The following is the story of how one family, two farms, and two centuries of hard work and commitment endured the test of time.

On a quiet country day in 1819, William Wisner set his sights on a 115-acre parcel in a peaceful nook of the Town of Warwick called Bellvale. Only two small structures existed on the property previously owned by William Noble: a house and barn circa 1800.

The rolling peaks and valleys of the lush farmland would be mirrored in the ups and downs of the sole family who would farm the property for the next two centuries.

In the summer of 2019, Bellvale Farms celebrates 200 years and seven generations of active farming. Since purchasing the property in 1971, owners Albert “Al” and Judith “Judy” Buckbee have subsequently purchased five adjoining farms, bringing Bellvale Farm’s size to more than 450 acres. Located at 75 Bellvale Lakes Road, the milk produced on the Farm over the years has been used for drinking, and making butter, cheese, and ice cream.

It is no surprise the area has been referred to as Belle Valle, the Beautiful Valley. The breath-taking views of the picturesque, bucolic landscape have been photographed, filmed, published, framed and admired.

In January 2020, the New York State Agricultural Society will officially recognize Bellvale Farms for 200 years of continuous farming by the same family.

The History of Bellvale Farms

To understand the ancestry leading to present day Bellvale Farms, one must go back in time to examine the Buckbee and Wisner family trees in their complex connectivity.

Swiss soldier Johanes Weesner arrived in Warwick, NY in approximately 1714. It is purported, though not certain, that he was an officer in Queen Anne’s Swiss contingent, and he first settled in Long Island and then Warwick, NY with his wife, Elizabeth, and their five children.

Johanes’ grandson, Henry Wisner, born in 1720 in Goshen, NY, played a key role in supplying gun powder to the Colonial Army led by General George Washington. He had been an Orange County Delegate to the Second Continental Congress, which adopted the Declaration of Independence in Philadelphia in 1776. Henry voted for independence, but as the threat of the British army lingered back home, he was not present for the signing.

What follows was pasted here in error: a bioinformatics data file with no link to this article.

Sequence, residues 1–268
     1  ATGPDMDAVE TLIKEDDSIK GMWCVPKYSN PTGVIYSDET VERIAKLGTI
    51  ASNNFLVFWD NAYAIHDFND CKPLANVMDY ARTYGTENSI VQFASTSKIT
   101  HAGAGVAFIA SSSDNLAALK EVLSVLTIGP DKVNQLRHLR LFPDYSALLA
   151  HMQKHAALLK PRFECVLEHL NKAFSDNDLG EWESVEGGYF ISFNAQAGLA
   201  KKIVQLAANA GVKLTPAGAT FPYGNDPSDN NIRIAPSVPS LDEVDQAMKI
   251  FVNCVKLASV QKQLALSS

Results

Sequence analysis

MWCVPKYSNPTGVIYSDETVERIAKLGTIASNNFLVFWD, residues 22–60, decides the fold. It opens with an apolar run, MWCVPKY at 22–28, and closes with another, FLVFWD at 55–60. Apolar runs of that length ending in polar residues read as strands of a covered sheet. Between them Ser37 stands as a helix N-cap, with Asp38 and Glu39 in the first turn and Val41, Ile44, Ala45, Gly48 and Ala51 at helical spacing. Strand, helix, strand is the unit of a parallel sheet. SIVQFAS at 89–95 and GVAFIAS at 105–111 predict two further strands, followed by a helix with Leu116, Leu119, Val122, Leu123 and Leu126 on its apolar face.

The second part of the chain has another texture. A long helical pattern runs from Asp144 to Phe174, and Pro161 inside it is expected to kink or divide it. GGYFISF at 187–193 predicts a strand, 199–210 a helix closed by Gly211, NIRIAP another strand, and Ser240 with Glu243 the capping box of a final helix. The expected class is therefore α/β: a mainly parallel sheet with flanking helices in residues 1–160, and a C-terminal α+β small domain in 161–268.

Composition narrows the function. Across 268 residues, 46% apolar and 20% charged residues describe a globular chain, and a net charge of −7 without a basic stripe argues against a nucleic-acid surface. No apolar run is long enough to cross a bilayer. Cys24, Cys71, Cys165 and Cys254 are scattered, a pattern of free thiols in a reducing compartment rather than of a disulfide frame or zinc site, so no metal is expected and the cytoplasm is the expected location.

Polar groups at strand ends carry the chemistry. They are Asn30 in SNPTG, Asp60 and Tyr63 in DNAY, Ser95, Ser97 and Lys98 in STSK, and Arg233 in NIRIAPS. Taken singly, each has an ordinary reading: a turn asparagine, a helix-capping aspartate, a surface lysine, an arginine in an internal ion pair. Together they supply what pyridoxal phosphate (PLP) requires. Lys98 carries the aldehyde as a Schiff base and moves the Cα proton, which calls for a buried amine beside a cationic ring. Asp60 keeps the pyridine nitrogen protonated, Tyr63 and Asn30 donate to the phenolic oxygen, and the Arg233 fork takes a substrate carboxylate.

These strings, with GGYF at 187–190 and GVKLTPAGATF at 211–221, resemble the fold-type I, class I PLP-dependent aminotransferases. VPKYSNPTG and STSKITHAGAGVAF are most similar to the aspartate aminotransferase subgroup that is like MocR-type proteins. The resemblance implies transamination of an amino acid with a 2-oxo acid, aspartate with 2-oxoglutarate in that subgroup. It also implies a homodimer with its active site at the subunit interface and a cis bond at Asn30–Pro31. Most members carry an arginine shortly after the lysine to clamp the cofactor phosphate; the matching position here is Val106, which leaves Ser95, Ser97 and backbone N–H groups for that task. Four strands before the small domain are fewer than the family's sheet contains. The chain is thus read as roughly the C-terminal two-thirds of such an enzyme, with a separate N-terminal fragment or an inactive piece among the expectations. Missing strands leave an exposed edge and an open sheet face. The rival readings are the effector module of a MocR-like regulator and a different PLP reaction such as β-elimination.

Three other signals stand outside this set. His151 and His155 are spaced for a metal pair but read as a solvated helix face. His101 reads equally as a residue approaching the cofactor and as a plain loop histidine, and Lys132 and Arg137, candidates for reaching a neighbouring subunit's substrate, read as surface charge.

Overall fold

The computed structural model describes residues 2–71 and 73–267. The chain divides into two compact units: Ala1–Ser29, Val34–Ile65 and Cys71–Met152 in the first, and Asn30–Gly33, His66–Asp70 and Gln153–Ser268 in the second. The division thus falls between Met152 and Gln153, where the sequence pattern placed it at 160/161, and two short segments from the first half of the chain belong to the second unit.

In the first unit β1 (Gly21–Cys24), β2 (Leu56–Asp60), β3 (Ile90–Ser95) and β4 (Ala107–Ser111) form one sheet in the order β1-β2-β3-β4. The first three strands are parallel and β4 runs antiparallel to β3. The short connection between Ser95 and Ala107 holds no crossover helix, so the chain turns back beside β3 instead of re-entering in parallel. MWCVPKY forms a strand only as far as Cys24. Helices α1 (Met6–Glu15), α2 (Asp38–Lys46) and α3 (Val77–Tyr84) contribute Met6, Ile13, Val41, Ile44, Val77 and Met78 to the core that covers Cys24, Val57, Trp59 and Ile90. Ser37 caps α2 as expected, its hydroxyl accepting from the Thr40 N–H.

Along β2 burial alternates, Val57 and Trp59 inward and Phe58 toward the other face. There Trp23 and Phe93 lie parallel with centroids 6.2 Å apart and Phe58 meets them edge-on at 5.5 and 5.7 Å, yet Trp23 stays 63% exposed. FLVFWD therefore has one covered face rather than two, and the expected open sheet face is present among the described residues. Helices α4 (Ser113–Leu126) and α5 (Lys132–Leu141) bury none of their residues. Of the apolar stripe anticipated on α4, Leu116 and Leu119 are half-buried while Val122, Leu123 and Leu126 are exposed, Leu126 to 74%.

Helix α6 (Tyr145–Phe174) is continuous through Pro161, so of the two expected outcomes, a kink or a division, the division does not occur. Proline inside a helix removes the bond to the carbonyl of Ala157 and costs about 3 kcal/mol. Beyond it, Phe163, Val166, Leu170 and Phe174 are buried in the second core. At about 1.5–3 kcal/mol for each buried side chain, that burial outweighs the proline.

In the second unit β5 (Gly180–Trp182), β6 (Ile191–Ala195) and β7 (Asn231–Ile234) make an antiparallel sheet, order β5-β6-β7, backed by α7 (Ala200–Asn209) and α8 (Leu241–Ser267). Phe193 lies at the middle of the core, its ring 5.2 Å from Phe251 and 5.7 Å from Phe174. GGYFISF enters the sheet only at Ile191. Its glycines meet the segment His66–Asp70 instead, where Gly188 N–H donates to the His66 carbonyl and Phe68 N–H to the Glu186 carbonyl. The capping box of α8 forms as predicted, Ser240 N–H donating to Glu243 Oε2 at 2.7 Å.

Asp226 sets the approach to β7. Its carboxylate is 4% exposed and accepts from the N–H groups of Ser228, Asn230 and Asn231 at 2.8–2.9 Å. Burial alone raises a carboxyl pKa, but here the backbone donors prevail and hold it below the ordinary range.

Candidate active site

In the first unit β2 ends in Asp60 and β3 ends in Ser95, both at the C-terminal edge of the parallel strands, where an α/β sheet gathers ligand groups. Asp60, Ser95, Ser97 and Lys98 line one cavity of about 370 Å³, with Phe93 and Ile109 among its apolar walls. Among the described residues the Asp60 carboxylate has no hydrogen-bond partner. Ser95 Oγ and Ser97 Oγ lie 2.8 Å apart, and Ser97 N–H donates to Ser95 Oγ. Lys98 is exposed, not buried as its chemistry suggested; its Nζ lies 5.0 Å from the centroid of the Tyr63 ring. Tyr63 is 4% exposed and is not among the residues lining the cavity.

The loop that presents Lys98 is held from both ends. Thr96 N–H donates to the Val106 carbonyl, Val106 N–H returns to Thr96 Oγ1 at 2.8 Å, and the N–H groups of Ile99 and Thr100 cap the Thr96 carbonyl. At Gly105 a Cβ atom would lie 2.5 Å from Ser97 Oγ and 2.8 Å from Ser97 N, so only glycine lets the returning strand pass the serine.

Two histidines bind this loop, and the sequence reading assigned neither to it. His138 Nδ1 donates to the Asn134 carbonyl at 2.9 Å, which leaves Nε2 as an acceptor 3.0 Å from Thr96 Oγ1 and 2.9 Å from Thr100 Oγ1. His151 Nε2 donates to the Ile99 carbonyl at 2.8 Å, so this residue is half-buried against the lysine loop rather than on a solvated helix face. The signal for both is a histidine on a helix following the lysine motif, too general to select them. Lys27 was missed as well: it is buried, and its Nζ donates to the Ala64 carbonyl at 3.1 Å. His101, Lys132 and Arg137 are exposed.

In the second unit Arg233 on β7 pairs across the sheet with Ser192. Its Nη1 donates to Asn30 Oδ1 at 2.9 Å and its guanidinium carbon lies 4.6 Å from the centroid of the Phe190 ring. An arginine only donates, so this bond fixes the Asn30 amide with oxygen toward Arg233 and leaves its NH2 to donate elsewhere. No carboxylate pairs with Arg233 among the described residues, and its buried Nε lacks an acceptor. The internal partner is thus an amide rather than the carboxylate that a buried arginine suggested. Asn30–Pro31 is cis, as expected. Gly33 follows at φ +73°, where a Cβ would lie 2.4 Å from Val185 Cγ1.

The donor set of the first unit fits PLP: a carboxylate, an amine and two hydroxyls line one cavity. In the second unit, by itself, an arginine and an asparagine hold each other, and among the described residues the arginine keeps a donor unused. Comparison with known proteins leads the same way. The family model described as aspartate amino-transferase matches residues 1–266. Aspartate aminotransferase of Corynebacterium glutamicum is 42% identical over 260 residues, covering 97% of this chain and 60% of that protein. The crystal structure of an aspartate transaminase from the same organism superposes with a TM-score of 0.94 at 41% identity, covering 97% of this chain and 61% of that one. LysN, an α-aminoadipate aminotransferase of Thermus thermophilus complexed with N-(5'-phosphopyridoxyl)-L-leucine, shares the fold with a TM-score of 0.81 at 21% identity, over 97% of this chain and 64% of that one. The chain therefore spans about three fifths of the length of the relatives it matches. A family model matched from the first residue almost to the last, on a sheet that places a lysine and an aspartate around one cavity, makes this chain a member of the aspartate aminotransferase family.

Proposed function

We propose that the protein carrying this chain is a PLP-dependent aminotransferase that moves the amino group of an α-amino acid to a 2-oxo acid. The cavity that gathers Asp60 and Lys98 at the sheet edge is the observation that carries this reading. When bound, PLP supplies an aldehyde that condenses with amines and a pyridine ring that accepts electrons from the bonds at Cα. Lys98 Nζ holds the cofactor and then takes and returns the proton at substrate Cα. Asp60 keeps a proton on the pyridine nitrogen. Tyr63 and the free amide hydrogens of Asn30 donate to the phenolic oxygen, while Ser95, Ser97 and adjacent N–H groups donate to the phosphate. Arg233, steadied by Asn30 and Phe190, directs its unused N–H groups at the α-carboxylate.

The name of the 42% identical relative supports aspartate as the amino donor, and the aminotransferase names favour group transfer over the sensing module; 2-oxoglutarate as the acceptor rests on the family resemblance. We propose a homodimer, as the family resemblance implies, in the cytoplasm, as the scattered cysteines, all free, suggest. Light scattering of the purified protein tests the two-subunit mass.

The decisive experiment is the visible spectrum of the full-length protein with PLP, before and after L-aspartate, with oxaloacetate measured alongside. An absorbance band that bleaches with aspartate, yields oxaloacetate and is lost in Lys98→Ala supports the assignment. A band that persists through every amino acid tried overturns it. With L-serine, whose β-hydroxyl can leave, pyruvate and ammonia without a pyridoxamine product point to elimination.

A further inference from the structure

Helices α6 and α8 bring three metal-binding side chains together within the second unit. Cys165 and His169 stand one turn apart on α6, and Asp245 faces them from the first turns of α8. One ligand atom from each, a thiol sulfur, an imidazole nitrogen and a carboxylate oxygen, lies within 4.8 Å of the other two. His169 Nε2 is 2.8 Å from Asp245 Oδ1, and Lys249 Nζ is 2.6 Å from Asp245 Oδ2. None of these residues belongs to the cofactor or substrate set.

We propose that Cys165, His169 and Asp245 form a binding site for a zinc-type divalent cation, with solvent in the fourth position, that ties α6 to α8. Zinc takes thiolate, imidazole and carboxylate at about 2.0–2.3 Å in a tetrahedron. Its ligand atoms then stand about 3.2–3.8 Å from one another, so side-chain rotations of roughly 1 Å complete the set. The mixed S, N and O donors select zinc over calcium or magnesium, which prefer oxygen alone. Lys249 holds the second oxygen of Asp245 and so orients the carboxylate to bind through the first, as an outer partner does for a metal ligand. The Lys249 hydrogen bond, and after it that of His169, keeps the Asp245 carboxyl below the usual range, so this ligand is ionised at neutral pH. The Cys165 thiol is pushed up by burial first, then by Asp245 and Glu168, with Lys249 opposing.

Meanwhile back at the Wisner Stone House in Warwick, the Wisner family continued to grow. Five brothers of the next generation moved out west, leaving one sister, Frances, behind. Frances Wisner married John R. Buckbee, hence joining the two families, and they had two children, William and Annie. William married Elizabeth Wisner (a cousin) and they had seven children. Sadly, William died at 40, leaving Elizabeth to run the farm and raise the children.

Times were changing though, and in the 1840s, subsistence farming in the region was revolutionized with the locomotive. People soon realized that liquid milk and fresh produce could be transported to New York City within a day. Hundreds of commercial farms sprouted up in the region, including several hundred dairy operations.

Around the same time, the Buckbee family was to arrive at a pivotal point in the family history’s, a point in which one might become harried with names. However, fret not.

There is, in fact, a Wisner Buckbee (Al’s father), born in 1897, as noted in the family Bible. The gent carried two family names, Wisner as his first and Buckbee as his last.

Wisner Buckbee married Edith Polegreen, who grew up in Albany and arrived in Warwick in the late 1920s. They had three children: Grace, followed by Wisner Henry Buckbee, and finally the baby, Albert in 1939.

Farmers are far from strangers to tragedy and despair, and in the late 1890s, the old barn at Bellvale Farms burned to the ground. Though the sadness and loss were monumental, Al Buckbee recalls that those tough times brought friends and family closer together. Al remembers his father’s words: “In my mind, I can still see that barn raising. Everyone came to help.”

Al also sadly looks back on dark days in the 1930s, when every cow on the farm, and elsewhere in the region, was infected with tuberculosis. The entire herd was destroyed. The Buckbees carried on, as strong families always find a way to survive in times of adversity.